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Sinus bradycardia
Other Resources UpToDate PubMed

Sinus bradycardia

Contributors: John Schneider MD, Young Ju Esther Lee MD, Ryan Hoefen MD, PhD, Bruce Lo MD
Other Resources UpToDate PubMed


Emergent Care / Stabilization:
If hemodynamically unstable, the patient should be treated with intravenous (IV) atropine 0.5-1 mg push every 3-5 minutes, for a total 3 mg dose. Patients who have undergone cardiac transplantation are unlikely to respond given that the vagal innervation of the heart no longer exists. Other etiologies, including second-degree type II atrioventricular (AV) blocks or third-degree blocks, may not respond to atropine. Consider other beta-adrenergic agonists (eg, epinephrine, isoproterenol) in patients who have failed to improve with atropine while other measures are taken.

If the patient remains hemodynamically unstable, either dopamine or epinephrine should be considered:
  • Dopamine: 5-20 μg/kg per minute IV (titrate to patient response; taper slowly)
  • Epinephrine: 2-10 μg per minute IV (titrate to patient response)
If symptoms do not improve, a temporary pacemaker should be placed. The first step in a hemodynamically unstable patient is transcutaneous pacing, which is a temporary and potentially painful intervention that should be considered with adjuncts such as analgesics and/or anxiolytic medications. Placement of a temporary transvenous pacemaker should be performed afterward to ensure more stable and reliable pacing until definitive management can be achieved.

See also flowchart (Adult Bradycardia) in image stack.

Diagnosis Overview:
Sinus bradycardia is a heart rhythm originating in the sinoatrial (SA) node with a slow heart rate, usually classified as a heart rate less than about 50 beats per minute. Although generally benign, patients may report transient dizziness, lightheadedness, near syncope, or syncope in some cases. Severe symptoms such as heart failure or confusion may be present in extreme cases due to poor perfusion.

The SA node is the main pacemaker of the heart's conduction system. The vagus and sympathetic nerves innervate it. The SA nodal artery, which supplies the SA node, originates from the right coronary artery or the left circumflex artery.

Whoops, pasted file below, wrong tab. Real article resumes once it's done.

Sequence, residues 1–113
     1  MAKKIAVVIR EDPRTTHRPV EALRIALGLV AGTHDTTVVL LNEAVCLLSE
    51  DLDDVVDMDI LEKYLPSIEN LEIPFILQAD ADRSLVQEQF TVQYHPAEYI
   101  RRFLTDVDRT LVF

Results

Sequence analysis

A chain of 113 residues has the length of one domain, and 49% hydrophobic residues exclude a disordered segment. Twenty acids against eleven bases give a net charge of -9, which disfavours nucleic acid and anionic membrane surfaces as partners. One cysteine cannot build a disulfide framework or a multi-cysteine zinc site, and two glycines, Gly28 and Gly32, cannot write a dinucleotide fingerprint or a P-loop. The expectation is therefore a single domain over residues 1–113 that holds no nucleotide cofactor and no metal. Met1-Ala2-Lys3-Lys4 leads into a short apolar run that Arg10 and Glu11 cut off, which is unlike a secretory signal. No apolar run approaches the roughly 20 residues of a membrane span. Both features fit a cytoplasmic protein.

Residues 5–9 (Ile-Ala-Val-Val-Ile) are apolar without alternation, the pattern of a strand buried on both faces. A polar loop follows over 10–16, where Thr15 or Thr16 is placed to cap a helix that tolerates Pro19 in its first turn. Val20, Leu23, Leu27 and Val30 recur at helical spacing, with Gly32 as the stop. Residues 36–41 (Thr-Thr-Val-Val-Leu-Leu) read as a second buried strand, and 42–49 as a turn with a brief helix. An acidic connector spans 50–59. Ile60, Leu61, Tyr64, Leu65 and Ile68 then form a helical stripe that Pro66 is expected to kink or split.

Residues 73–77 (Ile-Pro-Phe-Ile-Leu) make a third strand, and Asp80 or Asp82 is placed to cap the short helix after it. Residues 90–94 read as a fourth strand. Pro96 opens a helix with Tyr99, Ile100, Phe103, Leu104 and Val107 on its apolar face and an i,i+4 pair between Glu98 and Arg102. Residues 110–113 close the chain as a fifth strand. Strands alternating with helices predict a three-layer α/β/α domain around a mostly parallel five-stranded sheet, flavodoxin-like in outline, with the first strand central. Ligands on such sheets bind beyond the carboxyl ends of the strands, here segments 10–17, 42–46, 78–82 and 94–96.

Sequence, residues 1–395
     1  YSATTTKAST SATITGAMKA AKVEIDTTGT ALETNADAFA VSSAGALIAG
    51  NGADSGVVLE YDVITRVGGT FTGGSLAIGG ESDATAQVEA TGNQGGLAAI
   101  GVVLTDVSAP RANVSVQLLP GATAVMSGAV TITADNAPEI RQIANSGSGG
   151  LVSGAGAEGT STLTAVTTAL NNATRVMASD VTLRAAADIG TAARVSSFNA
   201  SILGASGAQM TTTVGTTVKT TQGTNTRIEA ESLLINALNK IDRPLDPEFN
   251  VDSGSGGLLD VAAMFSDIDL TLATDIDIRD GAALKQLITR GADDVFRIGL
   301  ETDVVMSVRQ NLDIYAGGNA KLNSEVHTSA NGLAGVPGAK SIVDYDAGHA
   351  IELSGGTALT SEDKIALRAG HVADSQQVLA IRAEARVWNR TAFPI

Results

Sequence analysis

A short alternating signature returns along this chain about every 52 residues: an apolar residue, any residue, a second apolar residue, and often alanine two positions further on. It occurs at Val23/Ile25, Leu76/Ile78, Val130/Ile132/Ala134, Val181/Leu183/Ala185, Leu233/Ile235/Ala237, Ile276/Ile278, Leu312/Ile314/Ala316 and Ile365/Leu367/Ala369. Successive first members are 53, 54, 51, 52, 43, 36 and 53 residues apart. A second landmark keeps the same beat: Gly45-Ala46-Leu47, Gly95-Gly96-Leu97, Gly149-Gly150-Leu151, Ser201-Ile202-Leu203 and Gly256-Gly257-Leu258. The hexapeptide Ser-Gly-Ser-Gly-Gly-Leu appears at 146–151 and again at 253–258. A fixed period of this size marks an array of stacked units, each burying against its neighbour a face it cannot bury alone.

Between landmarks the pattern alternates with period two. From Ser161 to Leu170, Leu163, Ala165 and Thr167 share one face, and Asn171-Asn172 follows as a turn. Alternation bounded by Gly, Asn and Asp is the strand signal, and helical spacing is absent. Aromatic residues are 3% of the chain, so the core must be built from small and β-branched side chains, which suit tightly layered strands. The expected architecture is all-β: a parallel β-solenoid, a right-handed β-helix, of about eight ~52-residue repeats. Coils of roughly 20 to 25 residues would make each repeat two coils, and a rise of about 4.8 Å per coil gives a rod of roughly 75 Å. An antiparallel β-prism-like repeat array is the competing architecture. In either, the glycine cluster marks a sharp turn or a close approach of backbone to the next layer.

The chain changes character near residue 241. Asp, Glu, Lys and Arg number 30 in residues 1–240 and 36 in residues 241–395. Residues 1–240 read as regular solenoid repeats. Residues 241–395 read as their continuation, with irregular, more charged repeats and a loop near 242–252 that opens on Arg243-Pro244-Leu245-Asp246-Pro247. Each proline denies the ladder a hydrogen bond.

Potential causes of sinus bradycardia include but are not limited to athletic conditioning, sick sinus syndrome, rate-lowering medications (eg, beta blockers, nondihydropyridine calcium channel blockers, ivabradine, amiodarone, digoxin, lithium), other medications (eg, narcotics, cannabinoids, remdesivir), obstructive sleep apnea, enhanced vasovagal activity, hypothyroidism, electrolyte derangements (eg, hypokalemia), acute myocardial infarction and other acute / chronic coronary spectrum disease, elevated intracranial pressure, familial ion channelopathies, certain infectious causes (eg, COVID-19, Lyme disease, babesiosis, Chagas disease), infiltrative diseases, and collagen vascular diseases.


R00.1 – Bradycardia, unspecified

49710005 – Sinus bradycardia

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Diagnostic Pearls

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Differential Diagnosis & Pitfalls

  • Hypoglycemia
  • Hypothermia
  • Hypothyroidism
  • Complete atrioventricular block
  • Second-degree atrioventricular block
  • Junctional or ventricular escape rhythm
  • Ectopic atrial rhythm
  • BRASH syndrome

Best Tests

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Management Pearls

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Drug Reaction Data

Below is a list of drugs with literature evidence indicating an adverse association with this diagnosis. The list is continually updated through ongoing research and new medication approvals. Click on Citations to sort by number of citations or click on Medication to sort the medications alphabetically.

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Last Reviewed:08/20/2022
Last Updated:02/19/2023
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Sinus bradycardia
A medical illustration showing key findings of Sinus bradycardia : Dizziness, Fatigue, Syncope, Presyncope
Copyright © 2024 VisualDx®. All rights reserved.